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America’s Best Small Cities to Live in

WalletHub states that with migration to the city’s slowing, it is the smaller suburbs reaping the benefits. Its latest poll found that Leawood, Kansas, to be the best small city to live in for 2019.

Leawood came in at No. 2 for affordability, No. 68 in economic health, and No. 4 in the lowest housing costs. Southlake, Texas, was found to have lowest housing costs among the markets surveyed. 

WalletHub compared more than 1,200 U.S. cities with populations between 25,000 and 100,000 

across 42 key indicators of livability. 

Santa Barabara, California, was reported as having the highest average housing costs. The Villages, Florida, had the highest homeownership rate, while the lowest homeownership rate was in West Hollywood, California. 

Los Altos, California, had the highest median-annual household income at $208,309, which WalletHub says is 10.1 times higher than in East St. Louis, Illinois, whose median income is $20,659. 

A study by LendingTree found that with an average cost of $1.19 million, a median-priced home in the Golden Gate City is worth an average of 5.4 homes in one of the nation’s largest cities. 

Additionally, a median-prices home in San Francisco costs almost 10 times the area’s median-yearly income of $112,376. 

The study found that for what it costs to buy a home in San Francisco, one could purchase 23.2 homes in Detroit, Michigan. LendingTree states that Detroit has an average home price of $51,600.

Detroit had the largest difference to home prices in San Francisco at $1.14 million.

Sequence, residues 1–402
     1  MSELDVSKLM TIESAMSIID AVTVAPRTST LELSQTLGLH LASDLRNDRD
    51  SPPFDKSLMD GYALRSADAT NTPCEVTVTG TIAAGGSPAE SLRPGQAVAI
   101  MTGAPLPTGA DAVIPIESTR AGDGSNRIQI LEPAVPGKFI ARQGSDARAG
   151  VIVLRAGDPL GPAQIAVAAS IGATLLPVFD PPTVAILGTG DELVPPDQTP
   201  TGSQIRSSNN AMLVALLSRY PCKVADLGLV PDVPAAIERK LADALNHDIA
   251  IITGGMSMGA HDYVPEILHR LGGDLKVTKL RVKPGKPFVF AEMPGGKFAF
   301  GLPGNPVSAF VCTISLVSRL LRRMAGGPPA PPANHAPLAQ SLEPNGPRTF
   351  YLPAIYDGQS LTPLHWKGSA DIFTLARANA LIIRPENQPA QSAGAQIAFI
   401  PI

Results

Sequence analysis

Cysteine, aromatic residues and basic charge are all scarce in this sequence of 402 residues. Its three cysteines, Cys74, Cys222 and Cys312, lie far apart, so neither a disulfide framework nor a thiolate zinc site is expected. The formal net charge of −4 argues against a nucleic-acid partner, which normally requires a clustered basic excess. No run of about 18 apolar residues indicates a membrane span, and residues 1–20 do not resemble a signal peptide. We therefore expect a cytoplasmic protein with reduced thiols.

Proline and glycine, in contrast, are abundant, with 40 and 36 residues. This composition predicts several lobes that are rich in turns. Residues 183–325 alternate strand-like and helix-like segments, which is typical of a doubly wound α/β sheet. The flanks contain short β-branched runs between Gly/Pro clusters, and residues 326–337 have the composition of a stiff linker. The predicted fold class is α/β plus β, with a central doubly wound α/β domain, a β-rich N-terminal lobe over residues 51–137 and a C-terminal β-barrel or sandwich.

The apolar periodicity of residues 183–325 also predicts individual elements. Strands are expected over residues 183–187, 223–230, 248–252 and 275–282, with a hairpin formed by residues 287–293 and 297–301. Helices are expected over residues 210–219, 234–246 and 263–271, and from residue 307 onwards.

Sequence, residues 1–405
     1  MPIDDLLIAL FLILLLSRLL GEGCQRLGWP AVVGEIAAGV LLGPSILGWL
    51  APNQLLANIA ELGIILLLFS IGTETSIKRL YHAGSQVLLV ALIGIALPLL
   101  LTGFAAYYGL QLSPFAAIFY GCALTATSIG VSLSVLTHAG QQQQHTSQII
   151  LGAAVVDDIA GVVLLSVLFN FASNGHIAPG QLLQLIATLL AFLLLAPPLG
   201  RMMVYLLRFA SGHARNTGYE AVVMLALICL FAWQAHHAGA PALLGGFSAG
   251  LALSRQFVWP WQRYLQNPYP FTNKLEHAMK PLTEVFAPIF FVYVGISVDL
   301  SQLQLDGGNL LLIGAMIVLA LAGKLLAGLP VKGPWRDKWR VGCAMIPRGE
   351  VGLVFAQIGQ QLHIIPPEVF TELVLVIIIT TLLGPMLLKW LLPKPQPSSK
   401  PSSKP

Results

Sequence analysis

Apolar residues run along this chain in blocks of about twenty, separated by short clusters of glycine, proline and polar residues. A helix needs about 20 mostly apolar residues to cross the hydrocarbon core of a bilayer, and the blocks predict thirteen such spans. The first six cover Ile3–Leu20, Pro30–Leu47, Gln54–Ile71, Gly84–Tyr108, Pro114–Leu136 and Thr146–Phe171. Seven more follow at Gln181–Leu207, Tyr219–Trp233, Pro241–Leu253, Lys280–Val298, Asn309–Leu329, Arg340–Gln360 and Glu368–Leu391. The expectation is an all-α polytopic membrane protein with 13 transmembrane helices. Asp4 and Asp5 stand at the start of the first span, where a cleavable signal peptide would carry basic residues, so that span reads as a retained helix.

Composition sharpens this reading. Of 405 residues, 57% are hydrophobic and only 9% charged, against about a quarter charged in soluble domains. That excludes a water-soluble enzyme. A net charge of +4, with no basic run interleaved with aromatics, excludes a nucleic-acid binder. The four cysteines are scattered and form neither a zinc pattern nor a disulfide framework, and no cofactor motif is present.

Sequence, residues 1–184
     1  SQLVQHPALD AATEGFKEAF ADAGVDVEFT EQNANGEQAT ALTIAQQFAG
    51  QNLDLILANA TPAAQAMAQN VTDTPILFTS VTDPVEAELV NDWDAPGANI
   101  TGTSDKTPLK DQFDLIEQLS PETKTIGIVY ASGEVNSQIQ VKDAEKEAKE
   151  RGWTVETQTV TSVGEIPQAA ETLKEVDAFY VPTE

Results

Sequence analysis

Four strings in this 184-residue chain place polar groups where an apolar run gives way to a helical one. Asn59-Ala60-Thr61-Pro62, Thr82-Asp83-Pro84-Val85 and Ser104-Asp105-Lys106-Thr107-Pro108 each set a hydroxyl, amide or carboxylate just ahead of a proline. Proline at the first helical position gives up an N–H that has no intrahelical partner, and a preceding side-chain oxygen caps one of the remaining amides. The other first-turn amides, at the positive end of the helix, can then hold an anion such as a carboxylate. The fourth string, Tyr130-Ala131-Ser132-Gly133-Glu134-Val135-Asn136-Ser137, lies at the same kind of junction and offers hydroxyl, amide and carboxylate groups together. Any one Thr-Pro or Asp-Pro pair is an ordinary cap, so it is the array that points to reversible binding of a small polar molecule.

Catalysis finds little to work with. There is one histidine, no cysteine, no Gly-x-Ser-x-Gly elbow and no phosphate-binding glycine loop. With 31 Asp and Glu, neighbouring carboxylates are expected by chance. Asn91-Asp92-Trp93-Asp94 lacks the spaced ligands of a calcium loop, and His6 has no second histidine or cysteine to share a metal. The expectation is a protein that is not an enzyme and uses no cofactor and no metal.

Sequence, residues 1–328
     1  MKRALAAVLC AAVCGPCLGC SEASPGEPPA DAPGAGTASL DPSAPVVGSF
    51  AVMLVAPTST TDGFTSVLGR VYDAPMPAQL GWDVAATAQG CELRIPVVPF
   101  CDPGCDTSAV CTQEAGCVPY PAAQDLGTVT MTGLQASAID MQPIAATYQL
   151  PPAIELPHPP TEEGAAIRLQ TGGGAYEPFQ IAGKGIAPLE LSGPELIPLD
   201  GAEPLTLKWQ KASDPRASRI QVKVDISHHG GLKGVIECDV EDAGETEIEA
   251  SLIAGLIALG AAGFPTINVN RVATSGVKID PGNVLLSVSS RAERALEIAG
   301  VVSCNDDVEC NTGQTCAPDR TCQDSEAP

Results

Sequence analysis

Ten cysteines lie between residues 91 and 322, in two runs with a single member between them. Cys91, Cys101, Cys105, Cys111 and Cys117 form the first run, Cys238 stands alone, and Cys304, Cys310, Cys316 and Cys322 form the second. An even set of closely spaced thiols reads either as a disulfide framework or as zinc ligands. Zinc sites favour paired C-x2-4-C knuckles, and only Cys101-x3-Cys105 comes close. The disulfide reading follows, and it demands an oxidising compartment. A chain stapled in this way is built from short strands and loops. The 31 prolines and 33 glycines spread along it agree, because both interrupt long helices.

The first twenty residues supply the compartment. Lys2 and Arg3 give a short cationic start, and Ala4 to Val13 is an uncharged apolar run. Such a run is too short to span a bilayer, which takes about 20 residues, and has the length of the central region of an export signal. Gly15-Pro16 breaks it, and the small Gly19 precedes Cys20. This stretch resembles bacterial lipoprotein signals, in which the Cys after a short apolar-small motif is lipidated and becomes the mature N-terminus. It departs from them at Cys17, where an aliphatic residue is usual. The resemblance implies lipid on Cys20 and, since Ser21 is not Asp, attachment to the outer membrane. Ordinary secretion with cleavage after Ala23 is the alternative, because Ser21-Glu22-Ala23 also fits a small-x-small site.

The second-farthest from San Francisco was Memphis, Tennessee, and its average home price of $103,700. One could purchase 11.2 homes in Memphis for the same price of one home in San Francisco. 

Detroit had the lowest average income at $31,283, and homeowners in Memphis made an average of $37,199.

WalleyHub said Crofton, Maryland, had the lowest share of the population living in poverty at 1.7%—28.5 times lower than the highest poverty rate of 48.40% in Statesboro, Georgia. 

About Author: Mike Albanese

A graduate of the University of Alabama, Mike Albanese has worked for news publications since 2011 in Texas and Colorado. He has built a portfolio of more than 1,000 articles, covering city government, police and crime, business, sports, and is experienced in crafting engaging features and enterprise pieces. He spent time as the sports editor for the "Pilot Point Post-Signal," and has covered the DFW Metroplex for several years. He has also assisted with sports coverage and editing duties with the "Dallas Morning News" and "Denton Record-Chronicle" over the past several years.

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